Getting Wood

It's safe to say since when we moved to our hillside that we have embraced wood. We forage wood, we spent Carol's redundancy on a wood heating system - that didn't go well but it hasn't stopped us from loving our wood stove in the front room. Even the ash comes in useful in the garden. It's that time of year where the pagan in all of us comes to the fore but those of us with wood stoves start to make sure that our winter store is ready. There is something wonderful about wood, not just in the burning of it but in the recycling of it and uses of it around growing food.

Collect your own fire wood

So, after each storm last year we went out, we foraged the wind fallen branches, cut them up, stacked them somewhere dry and left them there for twelve moths. There are very few trees you can burn straightaway without damaging your chimney, you can burn green ash but we would still be wary of this as a new chimney liner is more expensive than waiting for twelve months. When you get through that first year you can get into the rhythm of collecting your own wood, you'd be surprised what a cheeky request will get you when a neighbour is cutting down a tree. If they have no chimney they'll kiss you for taking away the wood. If they have a smoking chimney then they may have a few choice words for you. If you don't ask though you may see it on the back of van going to the tip or someone else's log burner, and then you will mutter some choice words to yourself.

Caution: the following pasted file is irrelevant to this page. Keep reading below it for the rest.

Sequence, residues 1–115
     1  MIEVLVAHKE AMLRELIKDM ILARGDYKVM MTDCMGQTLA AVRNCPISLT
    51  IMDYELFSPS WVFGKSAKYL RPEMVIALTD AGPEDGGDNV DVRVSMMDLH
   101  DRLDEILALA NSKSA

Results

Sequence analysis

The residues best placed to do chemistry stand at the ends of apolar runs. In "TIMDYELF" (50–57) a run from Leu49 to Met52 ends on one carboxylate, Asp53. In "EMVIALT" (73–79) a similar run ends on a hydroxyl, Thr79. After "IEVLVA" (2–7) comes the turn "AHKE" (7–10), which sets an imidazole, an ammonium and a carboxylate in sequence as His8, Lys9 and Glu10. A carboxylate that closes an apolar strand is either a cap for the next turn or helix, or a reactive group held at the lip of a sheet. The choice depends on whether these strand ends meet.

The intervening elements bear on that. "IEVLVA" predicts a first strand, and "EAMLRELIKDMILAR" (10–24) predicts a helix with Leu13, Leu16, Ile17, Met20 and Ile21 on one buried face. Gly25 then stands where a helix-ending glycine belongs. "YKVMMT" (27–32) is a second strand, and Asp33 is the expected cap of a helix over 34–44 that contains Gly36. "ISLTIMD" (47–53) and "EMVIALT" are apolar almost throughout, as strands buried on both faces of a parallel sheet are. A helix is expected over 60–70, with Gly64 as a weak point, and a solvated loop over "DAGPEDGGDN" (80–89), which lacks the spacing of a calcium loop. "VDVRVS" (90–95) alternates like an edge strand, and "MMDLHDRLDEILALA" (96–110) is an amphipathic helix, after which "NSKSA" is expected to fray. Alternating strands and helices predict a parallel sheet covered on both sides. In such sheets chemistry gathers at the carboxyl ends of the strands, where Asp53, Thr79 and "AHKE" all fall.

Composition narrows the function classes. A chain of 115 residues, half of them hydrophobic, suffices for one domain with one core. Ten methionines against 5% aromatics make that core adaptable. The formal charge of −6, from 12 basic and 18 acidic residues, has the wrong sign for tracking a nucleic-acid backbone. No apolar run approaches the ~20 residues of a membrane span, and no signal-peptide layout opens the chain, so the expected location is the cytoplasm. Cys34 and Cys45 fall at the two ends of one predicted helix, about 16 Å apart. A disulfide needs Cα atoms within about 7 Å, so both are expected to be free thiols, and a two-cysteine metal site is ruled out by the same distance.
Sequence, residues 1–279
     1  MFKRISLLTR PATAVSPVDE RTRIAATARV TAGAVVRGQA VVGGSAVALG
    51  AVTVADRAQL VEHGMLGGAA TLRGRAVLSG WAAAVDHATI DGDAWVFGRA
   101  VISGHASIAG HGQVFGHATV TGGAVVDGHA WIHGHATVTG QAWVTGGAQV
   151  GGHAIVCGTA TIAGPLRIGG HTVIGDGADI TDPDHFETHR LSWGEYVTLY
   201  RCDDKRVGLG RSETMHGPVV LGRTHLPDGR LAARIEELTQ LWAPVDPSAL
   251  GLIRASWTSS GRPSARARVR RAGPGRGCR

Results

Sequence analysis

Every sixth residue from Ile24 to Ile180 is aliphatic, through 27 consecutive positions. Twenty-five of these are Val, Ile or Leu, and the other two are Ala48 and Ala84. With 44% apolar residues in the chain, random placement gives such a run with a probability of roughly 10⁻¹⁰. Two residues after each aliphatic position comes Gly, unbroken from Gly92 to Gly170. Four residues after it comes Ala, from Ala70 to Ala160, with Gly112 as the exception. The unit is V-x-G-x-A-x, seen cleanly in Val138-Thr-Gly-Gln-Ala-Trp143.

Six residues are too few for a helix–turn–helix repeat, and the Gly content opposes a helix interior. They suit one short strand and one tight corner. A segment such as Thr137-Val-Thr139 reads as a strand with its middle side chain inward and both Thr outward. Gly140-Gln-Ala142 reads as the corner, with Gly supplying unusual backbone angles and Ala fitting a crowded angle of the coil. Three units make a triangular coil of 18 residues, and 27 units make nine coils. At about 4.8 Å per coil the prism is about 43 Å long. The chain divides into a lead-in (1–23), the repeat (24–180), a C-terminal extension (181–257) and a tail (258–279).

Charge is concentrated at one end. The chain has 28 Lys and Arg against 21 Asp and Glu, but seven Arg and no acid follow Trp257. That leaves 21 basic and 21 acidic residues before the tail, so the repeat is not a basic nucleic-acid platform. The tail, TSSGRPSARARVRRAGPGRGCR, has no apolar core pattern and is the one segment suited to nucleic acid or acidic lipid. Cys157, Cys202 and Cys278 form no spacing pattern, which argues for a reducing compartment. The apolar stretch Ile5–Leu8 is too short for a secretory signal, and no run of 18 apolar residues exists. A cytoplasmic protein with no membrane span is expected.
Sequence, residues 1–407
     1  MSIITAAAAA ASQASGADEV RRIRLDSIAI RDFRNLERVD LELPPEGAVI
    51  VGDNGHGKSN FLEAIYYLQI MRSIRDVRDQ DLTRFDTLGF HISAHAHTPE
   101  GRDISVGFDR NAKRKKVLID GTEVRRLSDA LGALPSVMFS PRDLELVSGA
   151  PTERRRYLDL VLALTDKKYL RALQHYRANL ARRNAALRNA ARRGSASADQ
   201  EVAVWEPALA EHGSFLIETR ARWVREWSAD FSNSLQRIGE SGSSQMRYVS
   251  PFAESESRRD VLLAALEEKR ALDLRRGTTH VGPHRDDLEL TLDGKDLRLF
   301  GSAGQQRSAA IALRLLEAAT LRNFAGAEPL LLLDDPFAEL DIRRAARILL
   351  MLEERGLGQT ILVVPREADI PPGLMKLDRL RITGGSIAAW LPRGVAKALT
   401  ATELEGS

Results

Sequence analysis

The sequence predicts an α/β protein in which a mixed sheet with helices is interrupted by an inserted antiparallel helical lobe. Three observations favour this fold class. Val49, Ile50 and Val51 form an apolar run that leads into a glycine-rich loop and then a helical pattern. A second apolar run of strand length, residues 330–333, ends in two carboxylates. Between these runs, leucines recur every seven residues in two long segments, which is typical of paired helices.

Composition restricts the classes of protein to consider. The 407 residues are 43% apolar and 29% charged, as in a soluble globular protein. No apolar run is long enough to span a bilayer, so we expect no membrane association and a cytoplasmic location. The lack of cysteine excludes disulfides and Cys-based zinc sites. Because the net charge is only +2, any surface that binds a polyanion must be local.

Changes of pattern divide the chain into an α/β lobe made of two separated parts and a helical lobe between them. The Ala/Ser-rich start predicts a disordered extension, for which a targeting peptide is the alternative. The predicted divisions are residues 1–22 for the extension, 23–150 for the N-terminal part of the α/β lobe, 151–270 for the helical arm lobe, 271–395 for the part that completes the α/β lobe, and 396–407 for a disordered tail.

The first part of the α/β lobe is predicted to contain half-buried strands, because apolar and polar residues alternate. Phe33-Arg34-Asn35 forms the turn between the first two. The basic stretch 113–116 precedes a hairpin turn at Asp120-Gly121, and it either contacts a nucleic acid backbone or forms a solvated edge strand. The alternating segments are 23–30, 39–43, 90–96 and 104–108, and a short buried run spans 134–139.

Stack wood somewhere dry for winter

This year we have birch in the porch, birch in our wood basket ready to burn over winter. All the kindling is leftover pieces from building work on the house. We kept the best pieces to make a bench and table for the kitchen but the rest is for the fire. You'd be amazed at the amount of wood builders throw away each year, hardly any of it gets recycled and as long as it is a soft wood or hard wood, and not a composite or painted you can chop it up and put it in your log pile. There is something deeply satisfying knowing that your wood pile cost you only your time. When you've finished, you can put your feet up in front of your fire.


  1. We have our solid fuel Rayburn in the kitchen. Due to the mild weather we are having, all be it rainy and very windy at times, we are yet to light it. I can't wait to be honest! Our energy bill is less in the winter than in the summer as it heats the house, warms the water and cooks all our food. We have great access to wood from our own field and due to Jon working at the sawmill we are also very lucky to be able to take wood from there. If we ever see wood going spare we are never shy to ask! Being on the wintery weather, that's what I say!

    1. Yes, we barely have the central heating on in winter. We put it on for 1 hour in the morning and then the stove is lit. It heats all downstairs for us.